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CHAPTER 3 : DATA RELATIONAL MODEL

Prepared by : Norzelan bin Saleh


Relational model
Enables programmer to view data logically rather than
physically
Relational Model
A database is a collection of information that is organized so
that it can easily be accessed, managed, and updated.

In one view, databases can be classified according to types of
content: bibliographic, full-text, numeric, and images.
What is Database?
Table: two-dimensional structure composed of rows and
columns

Components of database table are :
Record (tuple) - is a sequence of attributes i.e. a row in the relation
table.
Attribute (field) - is a named column in the relation table.
Domain - The domain of an attribute defines the set of values which can
apply to that attribute.
Degree - The degree of a relation refers to the number of attributes in
each tuple.
Cardinality - This refers to the number of tuples in the relation


Components of Database Table


Relation Schema: relation name + attribute names + domain

Relation name

Attribute name

Domains


Characteristic of Relation Scheme
Consists of one or more attributes that determine other
attributes.




Keys
Primary Key - Primary key (PK) is an attribute (or a
combination of attributes) that uniquely identifies any given
entity (row)

Superkey - Any key that uniquely identifies each row

Candidate key - A superkey without redundancies

Composite key - Composed of more than one attribute

Foreign key a field in a relational table that matches the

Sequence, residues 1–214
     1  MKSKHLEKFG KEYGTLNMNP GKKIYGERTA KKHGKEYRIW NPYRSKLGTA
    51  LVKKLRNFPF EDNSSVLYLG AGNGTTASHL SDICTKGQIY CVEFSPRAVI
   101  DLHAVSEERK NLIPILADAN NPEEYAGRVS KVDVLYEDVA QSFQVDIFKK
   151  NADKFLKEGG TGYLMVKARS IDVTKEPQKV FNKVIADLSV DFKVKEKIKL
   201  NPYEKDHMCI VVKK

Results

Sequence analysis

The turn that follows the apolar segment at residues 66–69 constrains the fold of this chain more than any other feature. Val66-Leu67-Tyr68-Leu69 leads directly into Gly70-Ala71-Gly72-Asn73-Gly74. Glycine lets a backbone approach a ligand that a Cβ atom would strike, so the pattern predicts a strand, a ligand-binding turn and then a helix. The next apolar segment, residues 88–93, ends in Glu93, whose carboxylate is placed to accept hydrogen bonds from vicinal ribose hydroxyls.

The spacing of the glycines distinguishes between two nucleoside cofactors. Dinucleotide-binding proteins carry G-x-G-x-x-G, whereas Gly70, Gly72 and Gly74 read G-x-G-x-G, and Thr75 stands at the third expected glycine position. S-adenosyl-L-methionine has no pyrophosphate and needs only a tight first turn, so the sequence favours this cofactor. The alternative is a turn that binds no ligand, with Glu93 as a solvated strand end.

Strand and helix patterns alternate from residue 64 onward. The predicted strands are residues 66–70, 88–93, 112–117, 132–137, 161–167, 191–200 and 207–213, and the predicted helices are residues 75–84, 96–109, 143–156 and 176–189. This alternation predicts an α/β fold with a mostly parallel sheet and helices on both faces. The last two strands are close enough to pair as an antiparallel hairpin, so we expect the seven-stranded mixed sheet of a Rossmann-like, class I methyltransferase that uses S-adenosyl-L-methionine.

primary key column of another table. The foreign key can be
used to cross-reference tables





Entity Integrity

Referential Integrity - FK contains a value that refers to an existing valid
tuple (row) in another relation

Integrity Rules



Relational Model Relationship
One entity
related to
another of
the same
entity type
Entities of
two different
types related
to each other
Entities of three
different types
related to each
other
Each entity in the relationship will have exactly one related
entity

One to Many Relationship
Entities on both sides of the relationship can have many related
entities on the other side

Many to Many Relationship


Converting the M:N relationship into TWO 1:M relationships
Foreign keys reference the primary keys in the other
tables of which it has a relationship with

The database designer has 2 main options to define
a composite tables primary key:
either
use the combination of those foreign keys or
create a new primary key.
Self-referencing relationships are a special case of a normal
table relationship.

The only difference is that in this case, there is only one table
involved and it is on both sides of the relationship.

Example :
One common example is an Employees table that contains information
about the supervisor of each employee. Each supervisor is also an
employee and has his or her own supervisor. In this case, there is a one-
to-many self-referencing relationship, as each employee has one
supervisor but each supervisor may have more than one employee.
Self Referencing Relationship


Relational algebra